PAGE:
Stories about developments in neuroscience.
'Emergent and transactional': How Jonathan Green is rethinking autism and interventions
Jonathan Green is professor of child and adolescent psychiatry at the University of Manchester in the United Kingdom and an honorary consultant child and adolescent psychiatrist. He is also a long-practicing clinician. In this interview, he discusses the genesis of his recent article, "Debate: Neurodiversity, autism and healthcare," and how it has been received by colleagues and the neurodiversity self-advocate community. There have been two commentaries published in response to Green's article, with a third still in production.
The story of autism research in Australia: A conversation with Cheryl Dissanayake
Cheryl Dissanayake is a professor at La Trobe University in Melbourne, Australia, and the Olga Tennison Endowed Chair in Autism Research at the Olga Tennison Autism Research Center. She has been researching autism since 1984. Spectrum spoke with her about her path to autism science, the history of the field in Australia, and the importance of Melbourne hosting the 2024 INSAR annual conference, which Dissanayake will chair. In this conversation, Dissanayake mentions Margot Prior, Bruce Tonge, Lawrence Bartak, Ross Day, Stella Crosley, Marian Sigman, Beryl McKenzie and Olga Tennison - all notable names from Australia's autism research community.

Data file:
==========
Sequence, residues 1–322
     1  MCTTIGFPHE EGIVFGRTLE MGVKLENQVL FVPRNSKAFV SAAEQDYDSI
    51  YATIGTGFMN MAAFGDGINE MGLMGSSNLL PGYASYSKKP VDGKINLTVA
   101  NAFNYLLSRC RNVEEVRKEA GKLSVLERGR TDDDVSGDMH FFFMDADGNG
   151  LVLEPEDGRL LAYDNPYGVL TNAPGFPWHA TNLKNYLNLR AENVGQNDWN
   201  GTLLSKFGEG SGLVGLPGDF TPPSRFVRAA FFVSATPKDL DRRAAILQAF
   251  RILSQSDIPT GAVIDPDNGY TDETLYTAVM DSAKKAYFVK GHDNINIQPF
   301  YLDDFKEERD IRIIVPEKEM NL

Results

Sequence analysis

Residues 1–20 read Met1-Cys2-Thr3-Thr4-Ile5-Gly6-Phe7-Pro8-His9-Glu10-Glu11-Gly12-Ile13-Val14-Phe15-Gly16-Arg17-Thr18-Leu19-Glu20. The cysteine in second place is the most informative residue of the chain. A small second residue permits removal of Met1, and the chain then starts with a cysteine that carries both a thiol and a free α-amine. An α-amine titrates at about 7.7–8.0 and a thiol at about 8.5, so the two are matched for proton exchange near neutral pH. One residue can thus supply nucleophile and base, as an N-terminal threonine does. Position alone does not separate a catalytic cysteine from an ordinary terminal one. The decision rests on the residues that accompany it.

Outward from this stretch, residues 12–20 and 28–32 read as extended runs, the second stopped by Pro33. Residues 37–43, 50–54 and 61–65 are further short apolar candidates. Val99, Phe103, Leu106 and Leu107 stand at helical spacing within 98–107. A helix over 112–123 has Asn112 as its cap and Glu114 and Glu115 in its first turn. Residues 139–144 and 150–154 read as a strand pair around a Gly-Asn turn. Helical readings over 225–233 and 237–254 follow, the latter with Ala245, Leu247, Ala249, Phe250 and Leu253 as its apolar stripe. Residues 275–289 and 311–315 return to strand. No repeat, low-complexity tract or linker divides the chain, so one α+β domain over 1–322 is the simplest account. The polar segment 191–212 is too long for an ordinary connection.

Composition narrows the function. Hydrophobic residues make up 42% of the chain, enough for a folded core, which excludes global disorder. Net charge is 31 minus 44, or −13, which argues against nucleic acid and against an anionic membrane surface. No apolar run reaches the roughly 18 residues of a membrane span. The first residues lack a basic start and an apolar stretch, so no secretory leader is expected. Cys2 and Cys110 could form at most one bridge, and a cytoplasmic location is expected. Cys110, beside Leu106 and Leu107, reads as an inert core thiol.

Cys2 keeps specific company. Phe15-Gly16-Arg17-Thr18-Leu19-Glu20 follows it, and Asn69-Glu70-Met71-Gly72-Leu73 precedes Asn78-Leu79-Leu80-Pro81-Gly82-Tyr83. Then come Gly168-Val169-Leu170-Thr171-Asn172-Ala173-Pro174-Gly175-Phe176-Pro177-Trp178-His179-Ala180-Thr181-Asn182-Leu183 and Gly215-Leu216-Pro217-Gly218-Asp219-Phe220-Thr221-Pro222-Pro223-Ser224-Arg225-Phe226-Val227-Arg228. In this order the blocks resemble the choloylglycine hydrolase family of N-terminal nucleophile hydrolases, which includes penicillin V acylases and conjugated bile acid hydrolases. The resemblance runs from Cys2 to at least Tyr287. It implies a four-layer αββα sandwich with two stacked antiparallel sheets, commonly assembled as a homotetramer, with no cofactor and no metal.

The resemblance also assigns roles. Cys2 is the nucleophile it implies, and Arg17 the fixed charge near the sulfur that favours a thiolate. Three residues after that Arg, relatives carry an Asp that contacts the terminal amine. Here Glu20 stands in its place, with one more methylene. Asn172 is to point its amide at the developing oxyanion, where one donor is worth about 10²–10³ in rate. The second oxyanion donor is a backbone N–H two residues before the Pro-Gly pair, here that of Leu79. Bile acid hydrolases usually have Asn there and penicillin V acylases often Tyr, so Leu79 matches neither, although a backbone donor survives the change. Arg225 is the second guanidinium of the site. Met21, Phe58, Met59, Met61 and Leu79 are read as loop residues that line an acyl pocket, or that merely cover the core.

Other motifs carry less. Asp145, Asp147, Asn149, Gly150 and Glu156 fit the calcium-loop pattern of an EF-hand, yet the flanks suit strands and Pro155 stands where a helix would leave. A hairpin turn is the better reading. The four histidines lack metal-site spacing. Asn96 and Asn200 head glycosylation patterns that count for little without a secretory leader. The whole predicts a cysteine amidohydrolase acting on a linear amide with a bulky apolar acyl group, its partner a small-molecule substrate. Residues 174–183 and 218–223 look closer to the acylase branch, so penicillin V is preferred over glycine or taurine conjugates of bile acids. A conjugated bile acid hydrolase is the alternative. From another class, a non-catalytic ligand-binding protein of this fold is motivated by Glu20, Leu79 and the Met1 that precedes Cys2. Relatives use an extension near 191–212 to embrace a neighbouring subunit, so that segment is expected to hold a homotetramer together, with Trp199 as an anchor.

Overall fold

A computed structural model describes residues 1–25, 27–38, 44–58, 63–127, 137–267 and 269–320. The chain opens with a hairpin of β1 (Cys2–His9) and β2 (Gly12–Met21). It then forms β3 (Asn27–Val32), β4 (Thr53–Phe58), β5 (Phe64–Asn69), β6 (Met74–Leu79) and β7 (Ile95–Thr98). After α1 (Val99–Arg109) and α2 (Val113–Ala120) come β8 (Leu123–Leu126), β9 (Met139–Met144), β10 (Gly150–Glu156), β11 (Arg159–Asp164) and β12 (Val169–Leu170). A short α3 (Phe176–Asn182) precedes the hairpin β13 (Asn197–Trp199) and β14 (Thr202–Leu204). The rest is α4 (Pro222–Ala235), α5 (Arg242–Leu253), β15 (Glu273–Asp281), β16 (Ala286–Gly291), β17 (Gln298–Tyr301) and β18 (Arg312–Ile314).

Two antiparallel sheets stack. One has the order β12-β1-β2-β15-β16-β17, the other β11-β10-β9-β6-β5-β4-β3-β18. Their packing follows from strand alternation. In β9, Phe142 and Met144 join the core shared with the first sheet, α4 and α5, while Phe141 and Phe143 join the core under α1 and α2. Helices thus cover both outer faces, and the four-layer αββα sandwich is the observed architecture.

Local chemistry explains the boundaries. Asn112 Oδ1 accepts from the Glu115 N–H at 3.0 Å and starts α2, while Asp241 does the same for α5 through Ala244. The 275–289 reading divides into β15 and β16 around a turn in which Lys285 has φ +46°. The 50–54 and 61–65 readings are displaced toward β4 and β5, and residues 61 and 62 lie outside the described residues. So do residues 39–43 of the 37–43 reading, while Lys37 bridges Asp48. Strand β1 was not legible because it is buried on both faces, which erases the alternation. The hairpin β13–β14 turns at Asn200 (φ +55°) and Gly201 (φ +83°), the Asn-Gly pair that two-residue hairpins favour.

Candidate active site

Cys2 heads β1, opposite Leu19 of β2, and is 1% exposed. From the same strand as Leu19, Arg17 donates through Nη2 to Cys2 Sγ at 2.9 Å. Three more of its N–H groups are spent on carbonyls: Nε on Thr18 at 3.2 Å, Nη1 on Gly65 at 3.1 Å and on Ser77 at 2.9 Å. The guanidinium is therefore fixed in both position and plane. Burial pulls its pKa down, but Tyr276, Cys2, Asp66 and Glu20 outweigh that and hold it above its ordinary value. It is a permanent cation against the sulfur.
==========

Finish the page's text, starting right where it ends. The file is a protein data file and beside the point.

New journals seek to fill neurodiversity gap
The two journals, although differing in initial support, both realized the need for a publication focused exclusively on the neurodiverse experience.
Writing a 'new history of autism'
Spectrum talks with David Dobbs about researching his latest article, and what he found.
What it's like to be a Black autism researcher
Spectrum spoke to four Black autism researchers about what it's like to be in a field that's overwhelmingly white, how police violence against Black people has affected them, and the joy of finding one another in 'Black In Neuro.'
Spectrum stories: Life in lockdown with autism
Host Chelsey B. Coombs talks to clinicians and people with autism about their experience of the pandemic, how their routines have changed and some of the unexpected benefits.